Disconnection from SWIFT may have serious impact on Russian economy

The latest round of US sanctions has had no effect on Russia’s interaction with international financial systems, but the issue of disconnecting the country from SWIFT, Visa or MasterCard is regularly raised as an option.

Disconnecting Russia from SWIFT may have serious consequences for Russian exporters, says EU Reporter adding that it is still unlikely that the process will go further than threats from the United States and European Union. SWIFT is an international interbank system for transmitting information and making payments. More than 11 thousand organisations in two hundred countries are connected to the system with Russia being one of the three largest operators. Disconnection from SWIFT has been cited as a possible sanction move since 2014, and 46th President of the US Joe Biden has put the measure on the table again.

Although Russia launched its own System for Transfer of Financial Messages in 2014, it is not yet a fully fledged replacement for SWIFT. The Russian system includes only Russian banks and about a dozen foreign lenders from the countries of the Eurasian Economic Union (EAEU), so it is not suitable for all international payments. Meanwhile, the volume of Russian export and import operations in dollars and euros is significant, and it is impossible to find an alternative for many product groups, warn experts.

“Disconnecting from SWIFT will paralyse the transactions of Russian banks,” believes Chief Strategist of Beta Financial Technologies Ararat Mkrtchian adding that major exporters will suffer the most. He warns that there will be a lot of intermediaries bypassing the restrictions. “The financial institutions of the EAEU countries will especially benefit from this.”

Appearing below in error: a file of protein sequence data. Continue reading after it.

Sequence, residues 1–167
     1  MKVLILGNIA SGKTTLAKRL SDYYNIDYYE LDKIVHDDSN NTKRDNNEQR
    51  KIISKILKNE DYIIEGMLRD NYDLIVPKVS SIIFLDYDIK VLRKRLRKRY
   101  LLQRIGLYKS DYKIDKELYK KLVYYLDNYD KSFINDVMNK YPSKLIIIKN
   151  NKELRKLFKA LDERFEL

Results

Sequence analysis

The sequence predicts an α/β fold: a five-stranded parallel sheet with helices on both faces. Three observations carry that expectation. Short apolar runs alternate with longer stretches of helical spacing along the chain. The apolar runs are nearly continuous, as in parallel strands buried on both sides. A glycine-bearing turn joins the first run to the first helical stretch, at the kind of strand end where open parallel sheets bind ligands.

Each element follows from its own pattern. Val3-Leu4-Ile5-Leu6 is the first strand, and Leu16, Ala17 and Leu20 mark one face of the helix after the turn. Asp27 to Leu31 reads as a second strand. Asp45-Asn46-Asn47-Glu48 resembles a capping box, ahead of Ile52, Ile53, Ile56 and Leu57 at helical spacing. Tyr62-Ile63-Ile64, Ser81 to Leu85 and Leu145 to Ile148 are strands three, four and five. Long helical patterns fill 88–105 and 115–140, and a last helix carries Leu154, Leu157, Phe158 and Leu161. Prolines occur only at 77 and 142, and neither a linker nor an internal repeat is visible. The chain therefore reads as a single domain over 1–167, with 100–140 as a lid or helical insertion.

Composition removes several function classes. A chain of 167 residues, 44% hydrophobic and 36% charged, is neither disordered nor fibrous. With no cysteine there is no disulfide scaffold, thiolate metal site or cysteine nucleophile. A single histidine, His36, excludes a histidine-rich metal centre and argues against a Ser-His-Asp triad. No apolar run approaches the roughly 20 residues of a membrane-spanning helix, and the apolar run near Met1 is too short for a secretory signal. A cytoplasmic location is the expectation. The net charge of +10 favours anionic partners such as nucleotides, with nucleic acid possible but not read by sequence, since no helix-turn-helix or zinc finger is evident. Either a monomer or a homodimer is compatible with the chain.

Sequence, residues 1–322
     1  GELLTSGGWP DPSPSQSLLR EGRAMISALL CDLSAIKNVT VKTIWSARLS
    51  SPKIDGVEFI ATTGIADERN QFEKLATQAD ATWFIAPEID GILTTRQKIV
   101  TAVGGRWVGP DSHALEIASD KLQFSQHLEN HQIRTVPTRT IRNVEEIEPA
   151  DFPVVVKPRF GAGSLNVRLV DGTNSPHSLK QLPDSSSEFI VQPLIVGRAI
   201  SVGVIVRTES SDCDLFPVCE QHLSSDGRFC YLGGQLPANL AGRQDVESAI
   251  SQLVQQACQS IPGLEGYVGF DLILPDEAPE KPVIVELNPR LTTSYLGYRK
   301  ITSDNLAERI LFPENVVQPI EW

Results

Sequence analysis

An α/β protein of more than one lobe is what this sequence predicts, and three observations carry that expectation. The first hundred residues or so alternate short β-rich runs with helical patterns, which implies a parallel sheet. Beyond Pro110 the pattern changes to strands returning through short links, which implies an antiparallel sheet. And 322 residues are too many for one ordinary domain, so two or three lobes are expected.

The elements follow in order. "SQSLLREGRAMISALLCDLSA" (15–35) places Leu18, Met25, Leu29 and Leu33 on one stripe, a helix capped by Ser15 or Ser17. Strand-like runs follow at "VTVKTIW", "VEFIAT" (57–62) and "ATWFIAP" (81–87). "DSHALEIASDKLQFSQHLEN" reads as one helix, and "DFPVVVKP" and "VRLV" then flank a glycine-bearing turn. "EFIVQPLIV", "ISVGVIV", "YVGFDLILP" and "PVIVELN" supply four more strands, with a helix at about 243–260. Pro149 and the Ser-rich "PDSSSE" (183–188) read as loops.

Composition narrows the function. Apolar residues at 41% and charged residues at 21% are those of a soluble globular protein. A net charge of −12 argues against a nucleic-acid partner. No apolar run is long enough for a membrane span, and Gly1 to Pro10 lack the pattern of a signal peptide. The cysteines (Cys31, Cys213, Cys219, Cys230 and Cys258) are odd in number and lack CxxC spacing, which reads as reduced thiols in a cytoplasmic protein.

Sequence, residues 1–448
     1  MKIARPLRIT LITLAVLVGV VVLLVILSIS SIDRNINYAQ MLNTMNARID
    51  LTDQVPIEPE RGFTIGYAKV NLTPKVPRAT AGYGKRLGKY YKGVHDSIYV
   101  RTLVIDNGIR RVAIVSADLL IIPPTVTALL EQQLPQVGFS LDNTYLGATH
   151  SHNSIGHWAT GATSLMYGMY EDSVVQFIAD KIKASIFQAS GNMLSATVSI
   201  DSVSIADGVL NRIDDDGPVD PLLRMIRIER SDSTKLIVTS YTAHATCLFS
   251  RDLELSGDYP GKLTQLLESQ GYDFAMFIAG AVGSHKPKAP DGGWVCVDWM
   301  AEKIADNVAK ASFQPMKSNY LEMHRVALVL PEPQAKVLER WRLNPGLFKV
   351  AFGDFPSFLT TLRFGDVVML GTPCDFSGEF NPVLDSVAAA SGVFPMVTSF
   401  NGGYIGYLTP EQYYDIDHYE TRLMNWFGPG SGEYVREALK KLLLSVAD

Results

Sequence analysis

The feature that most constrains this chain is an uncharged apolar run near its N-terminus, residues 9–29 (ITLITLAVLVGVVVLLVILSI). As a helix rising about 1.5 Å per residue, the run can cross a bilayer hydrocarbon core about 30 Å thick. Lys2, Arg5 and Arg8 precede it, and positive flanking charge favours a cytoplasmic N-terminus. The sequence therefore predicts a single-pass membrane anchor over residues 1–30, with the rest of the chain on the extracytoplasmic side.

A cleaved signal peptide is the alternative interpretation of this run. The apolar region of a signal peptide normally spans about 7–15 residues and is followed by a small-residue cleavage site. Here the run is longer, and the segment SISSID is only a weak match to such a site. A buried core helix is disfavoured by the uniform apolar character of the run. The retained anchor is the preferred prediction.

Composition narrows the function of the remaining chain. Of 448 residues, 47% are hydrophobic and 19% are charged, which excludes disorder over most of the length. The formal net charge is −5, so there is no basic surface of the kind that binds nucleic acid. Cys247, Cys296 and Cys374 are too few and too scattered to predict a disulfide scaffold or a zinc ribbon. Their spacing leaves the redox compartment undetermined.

“By itself, disconnecting Russian banks from SWIFT means only increasing the cost and slowing down financial transactions between counterparties,” considers Oleg Bogdanov, a leading analyst at QBF investment company. He says that it will take some time to restore chains estimating this period at a week or two.

However, the downside of the proposal suggests that it will not be implemented. SWIFT is a private company, and Russian banks bring it money. The company is headquartered in Belgium, so it requires an EU decision to disable its clients. Another option is US sanctions against SWIFT itself, but then European and American companies, which also use the technology, will remain out of business. Nonetheless, the issue is rather sensitive for Russia, and Moscow is working on possible steps to smooth the potential damage out. The Kremlin has repeatedly emphasised the importance of promoting “alternative SWIFT- and US-independent interbank payment systems”.

By Anna Litvina